What to Do With Your Inheritance or Sudden Wealth

Dealing with the loss of a loved one is difficult. For some, this loss happens while inheriting a significant amount of money or other assets. 

Getting help to express your grief is essential, and so is being mindful of the next steps in managing your new money. If you are an executor for someone’s estate you will almost certainly need help to navigate that process, too.

Let’s explore some of the key questions and challenges that arise when people experience sudden inherited wealth.

Feeling Guilty About Inherited Wealth

“I didn’t earn this and I don’t feel like it’s my money to spend.” 

This is a common sentiment when inheriting wealth, as inheritors often feel uncomfortable with money they didn’t make themselves. But most families want future generations to thrive and to have what they need to make a difference in the world. 

Money can help fund education, buy a family home, and support enjoying time together. This might be just what your loved one wanted for you when they listed you as the beneficiary on their IRA. 

Reconciling the Origins of Wealth

“My family made this money on oil and coal and other things that caused harm in the world. How do I reconcile what I have with where it came from?” 

Sometimes family money can be viewed as having a dark past. One client told me he felt his inheritance had “bad juju” because it was earned from oil wells that devastated the land. Reconciliation eventually became possible once we transformed his inheritance from something that troubled him to something that aligned with his values.

First, we transitioned his inherited portfolio to one filled with companies that greatly reduced greenhouse gas emissions and helped build affordable housing units. We then calculated how much he could sustainably give to charities that maintained open space for public use and regenerated lands that had been harmed by energy extraction. Finally, gifting appreciated stocks to these charities helped save on taxes and started a necessary healing process for him to fix some of the wrongs he felt his wealth had perpetuated.

Aligning your inheritance with your values and donating to charities or organizations are just a few easy ways individuals can reconcile their inheritance with its origins. Opening a donor advised fund, being philanthropic, or providing reparations can also offer peace of mind to some.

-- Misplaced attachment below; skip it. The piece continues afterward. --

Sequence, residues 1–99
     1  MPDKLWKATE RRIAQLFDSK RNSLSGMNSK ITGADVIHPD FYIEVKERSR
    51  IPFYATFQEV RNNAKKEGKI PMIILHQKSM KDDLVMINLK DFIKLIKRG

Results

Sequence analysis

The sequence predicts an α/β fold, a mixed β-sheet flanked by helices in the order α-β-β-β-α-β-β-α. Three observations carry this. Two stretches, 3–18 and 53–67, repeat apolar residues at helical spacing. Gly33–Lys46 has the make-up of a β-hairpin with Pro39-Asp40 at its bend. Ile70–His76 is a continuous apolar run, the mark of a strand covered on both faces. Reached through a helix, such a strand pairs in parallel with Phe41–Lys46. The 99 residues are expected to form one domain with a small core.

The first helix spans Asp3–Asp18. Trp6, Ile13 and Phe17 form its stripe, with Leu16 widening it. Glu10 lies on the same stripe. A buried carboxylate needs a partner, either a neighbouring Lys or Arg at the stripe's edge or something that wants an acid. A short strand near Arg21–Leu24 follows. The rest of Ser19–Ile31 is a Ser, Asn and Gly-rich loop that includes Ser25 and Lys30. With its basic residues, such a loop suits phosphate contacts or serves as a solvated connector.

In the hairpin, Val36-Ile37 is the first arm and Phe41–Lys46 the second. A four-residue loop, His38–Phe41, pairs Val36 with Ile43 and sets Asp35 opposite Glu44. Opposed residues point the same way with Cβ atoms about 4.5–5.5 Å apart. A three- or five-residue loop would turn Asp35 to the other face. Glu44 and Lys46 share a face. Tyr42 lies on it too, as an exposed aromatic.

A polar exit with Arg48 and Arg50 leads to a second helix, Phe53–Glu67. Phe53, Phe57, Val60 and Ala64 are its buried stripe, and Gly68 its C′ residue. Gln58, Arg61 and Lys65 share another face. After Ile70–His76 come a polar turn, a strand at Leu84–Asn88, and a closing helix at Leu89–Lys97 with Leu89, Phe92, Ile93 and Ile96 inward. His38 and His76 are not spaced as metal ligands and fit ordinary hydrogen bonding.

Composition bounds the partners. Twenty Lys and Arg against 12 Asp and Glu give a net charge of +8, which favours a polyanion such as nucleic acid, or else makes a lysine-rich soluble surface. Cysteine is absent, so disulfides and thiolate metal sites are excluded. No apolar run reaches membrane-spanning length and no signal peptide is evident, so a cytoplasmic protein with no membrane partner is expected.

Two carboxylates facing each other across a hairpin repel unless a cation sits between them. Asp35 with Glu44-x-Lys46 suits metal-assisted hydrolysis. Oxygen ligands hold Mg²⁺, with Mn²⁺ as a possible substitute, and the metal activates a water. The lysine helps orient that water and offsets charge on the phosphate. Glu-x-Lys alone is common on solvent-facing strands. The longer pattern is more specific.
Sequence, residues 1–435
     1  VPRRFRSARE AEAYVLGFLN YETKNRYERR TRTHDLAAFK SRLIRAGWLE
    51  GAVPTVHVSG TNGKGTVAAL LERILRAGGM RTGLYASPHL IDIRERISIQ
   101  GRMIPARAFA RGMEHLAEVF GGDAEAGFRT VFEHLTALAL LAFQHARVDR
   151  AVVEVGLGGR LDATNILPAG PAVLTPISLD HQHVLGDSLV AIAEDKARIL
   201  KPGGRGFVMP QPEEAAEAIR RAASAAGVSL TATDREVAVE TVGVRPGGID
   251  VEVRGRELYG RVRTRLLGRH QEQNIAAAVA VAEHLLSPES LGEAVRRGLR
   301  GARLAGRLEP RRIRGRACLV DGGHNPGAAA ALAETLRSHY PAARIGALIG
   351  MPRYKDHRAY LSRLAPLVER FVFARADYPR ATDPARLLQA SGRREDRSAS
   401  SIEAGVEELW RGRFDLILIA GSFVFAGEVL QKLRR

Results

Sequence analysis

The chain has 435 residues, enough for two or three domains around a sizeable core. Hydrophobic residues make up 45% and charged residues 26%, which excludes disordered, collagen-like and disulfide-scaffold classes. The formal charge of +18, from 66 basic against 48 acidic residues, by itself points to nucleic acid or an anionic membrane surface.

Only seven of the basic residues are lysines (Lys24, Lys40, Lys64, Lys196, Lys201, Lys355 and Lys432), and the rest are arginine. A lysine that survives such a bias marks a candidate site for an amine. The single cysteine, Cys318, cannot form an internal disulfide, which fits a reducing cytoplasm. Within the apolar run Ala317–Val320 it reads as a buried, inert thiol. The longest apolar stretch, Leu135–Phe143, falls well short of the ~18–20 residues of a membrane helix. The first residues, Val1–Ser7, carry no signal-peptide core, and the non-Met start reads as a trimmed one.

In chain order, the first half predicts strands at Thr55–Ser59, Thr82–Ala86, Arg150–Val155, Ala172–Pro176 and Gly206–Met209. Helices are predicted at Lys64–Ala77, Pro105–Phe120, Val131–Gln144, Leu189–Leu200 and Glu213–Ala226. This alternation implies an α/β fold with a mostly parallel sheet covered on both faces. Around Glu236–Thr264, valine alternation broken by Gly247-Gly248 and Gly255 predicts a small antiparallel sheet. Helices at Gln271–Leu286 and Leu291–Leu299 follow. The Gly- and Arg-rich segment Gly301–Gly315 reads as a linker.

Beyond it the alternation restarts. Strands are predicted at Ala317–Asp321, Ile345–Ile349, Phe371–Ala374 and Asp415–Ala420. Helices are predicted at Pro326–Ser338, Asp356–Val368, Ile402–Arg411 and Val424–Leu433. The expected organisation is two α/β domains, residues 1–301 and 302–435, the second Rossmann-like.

It’s understandable to feel conflicted about the origins of your inheritance. Luckily, there are many ways to connect inheritors with resources and financial advisors who can provide guidance, including organizations like Resource Generation and Values Advisor

Managing Inheritance Responsibly

“What if I invest it wrong and lose what I’ve been given? I don’t want to dishonor what was built before me. I’m afraid to make changes to the assets I inherited.”

Some people feel the Exxon stock they inherited from their grandmother is their connection to her and worry she’d be upset if they sold it. It can be difficult to part with shares of stock that are seen as one’s last remaining link to a loved one. 

It’s important and an honor to consider the intentions of a loved one. So often, an inheritance is left behind to help an inheritor reach their dreams and goals; it’s entrusted with the hope that they will do what is right for them with the money. 

And yet, being a good steward of the money might mean making significant changes to keep that inheritance safe. For example, having a portfolio of stocks that represents a comparatively small number of companies and sectors in the economy can threaten the viability of even a large portfolio.

Managing an inheritance responsibly can sometimes feel overwhelming. Inertia around money is understandable since investing can be intimidating or mysterious. Having a financial professional to help you navigate the next steps for your nest egg is perhaps the best step you can take. 

When considering who to work with, it’s important that you hire someone who has your best interests in mind. Whether you’re a child, grandchild, loved one or widow, having a reliable financial partner is crucial when making financial decisions, especially during a difficult time. When searching for a trusted professional, consider hiring a CFP®, Fee-Only, Fiduciary Financial Advisor

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